|Publication number||US20020002590 A1|
|Application number||US 09/801,725|
|Publication date||Jan 3, 2002|
|Filing date||Mar 9, 2001|
|Priority date||Mar 9, 2000|
|Also published as||US7478140|
|Publication number||09801725, 801725, US 2002/0002590 A1, US 2002/002590 A1, US 20020002590 A1, US 20020002590A1, US 2002002590 A1, US 2002002590A1, US-A1-20020002590, US-A1-2002002590, US2002/0002590A1, US2002/002590A1, US20020002590 A1, US20020002590A1, US2002002590 A1, US2002002590A1|
|Inventors||Tim King, Alan Slater, Victor Forman, Tim Waggoner|
|Original Assignee||Tim King, Alan Slater, Victor Forman, Tim Waggoner|
|Export Citation||BiBTeX, EndNote, RefMan|
|Patent Citations (10), Referenced by (93), Classifications (11), Legal Events (7)|
|External Links: USPTO, USPTO Assignment, Espacenet|
 This application claims priority to the provisional application 60/188,006, filed on Mar. 9, 2000, which is incorporated by reference in its entirety herein.
1. Field of the Invention
 The present invention relates generally to routing of electronic mail. More particularly, the present invention relates to using a physical address of a recipient to send an electronic mail message.
 2. Related Art
 In a conventional electronic mail system. electronic mail (e-mail) is transmitted from a transmitting host to a recipient. However, in such an e-mail system, before the transmitting host transmits an e-mail, a sender at the transmitting host must first specify a unique electronic mail address to which the electronic mail is to be sent. E-mail addresses are abstract in that they do not relate to any physical, identifiable information. Furthermore, unlike a home address, most recipients do not have an e-mail account.
 For instance, the e-mail address, firstname.lastname@example.org can be used as an e-mail address for the user Santa. There are several problems associated with e-mail addresses, however. First, e-mail addresses may change often, due to system users changing service providers. Thus, the sender may not know that the e-mail address of the recipient has changed. Secondly, there are many databases highly utilized by both private industries and public agencies that do not contain e-mail information for users. Thirdly, although one may know Santa is physically located somewhere at the North Pole, the sender wishing to send e-mail to Santa may not be able to remember Santa's exact e-mail address. Finally, and perhaps, most importantly, if the sender makes a typographical error in the e-mail address of the recipient, the piece of e-mail will not be sent.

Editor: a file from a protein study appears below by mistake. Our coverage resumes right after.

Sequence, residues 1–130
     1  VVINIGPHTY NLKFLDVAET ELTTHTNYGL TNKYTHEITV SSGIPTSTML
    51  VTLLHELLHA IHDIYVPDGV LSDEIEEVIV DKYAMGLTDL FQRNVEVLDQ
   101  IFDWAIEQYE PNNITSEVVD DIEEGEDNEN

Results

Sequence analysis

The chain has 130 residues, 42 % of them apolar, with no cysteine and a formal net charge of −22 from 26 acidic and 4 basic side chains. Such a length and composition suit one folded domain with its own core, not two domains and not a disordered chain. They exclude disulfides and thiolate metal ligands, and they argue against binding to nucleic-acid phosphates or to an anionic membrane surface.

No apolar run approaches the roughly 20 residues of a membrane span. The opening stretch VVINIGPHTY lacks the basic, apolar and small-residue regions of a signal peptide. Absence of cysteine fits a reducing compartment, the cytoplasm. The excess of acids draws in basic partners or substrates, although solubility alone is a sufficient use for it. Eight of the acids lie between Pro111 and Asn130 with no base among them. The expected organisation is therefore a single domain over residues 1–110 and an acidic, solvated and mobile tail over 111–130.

Therefore, the present invention provides an e-mail system, an e-mail post office, and a method for forwarding e-mail, by using physical address information of the recipient and mapping that to a constant permanent e-mail address. According to one aspect of the present invention, an e-mail system is provided in which the transmitting host transmits the e-mail addressed to the recipient's physical address (e.g., home or work address).
 Thus, the fact that the recipient has selected another service provider without notifying the sender does not hinder electronic communication between the parties. To send electronic mail, the sender only needs to know the name and/or physical address of the recipient. Furthermore, advertising and other mass mailing procedures can be accomplished by using files of existing databases that have been in continuous use for years. The sender can elect to use the system to send e-mail that would later be printed at a postal distribution center and distributed to the recipient via traditional delivery means. Finally, if the sender makes a typographical error in the recipient's physical address, the e-mail can be corrected by proprietary software and the mail will still arrive at the recipient's physical address.
 Finally, the present invention facilitates parcel delivery by notifying the recipient of a parcel with delivery status information of the parcel while the parcel is en route to the recipient of the parcel.
 Further features and advantages of the present invention, as well as the structure and operation of various embodiments of the present invention, are described in detail below with reference to the accompanying drawings.
 The features and advantages of the present invention will become more apparent from the detailed description set forth below when taken in conjunction with the drawings in which like reference numbers indicate identical or functionally similar elements. Additionally, the left-most digit of a reference number identifies the drawing in which the reference number first appears.
FIG. 1 is a flowchart representing the general operational flow of the steps a sender of an electronic message executes to send e-mail to the recipient using the recipient's physical address.
FIG. 2 is a flowchart representing the general operational flow of the steps the recipient executes to receive mail, electronically and physically.
FIG. 3 is a flowchart representing the general operational flow of the steps executed by the e-mail server upon receiving e-mail addressed to the recipient.
FIG. 4 is a flowchart representing the general operational flow for a method of notifying a recipient with status information of a transmitted parcel.
FIG. 5 is a block diagram of an example electronic mail system in which a sender sends electronic mail to a recipient using the recipient's physical address.
FIG. 6 is a block diagram of an exemplary computer system useful for implementing the invention.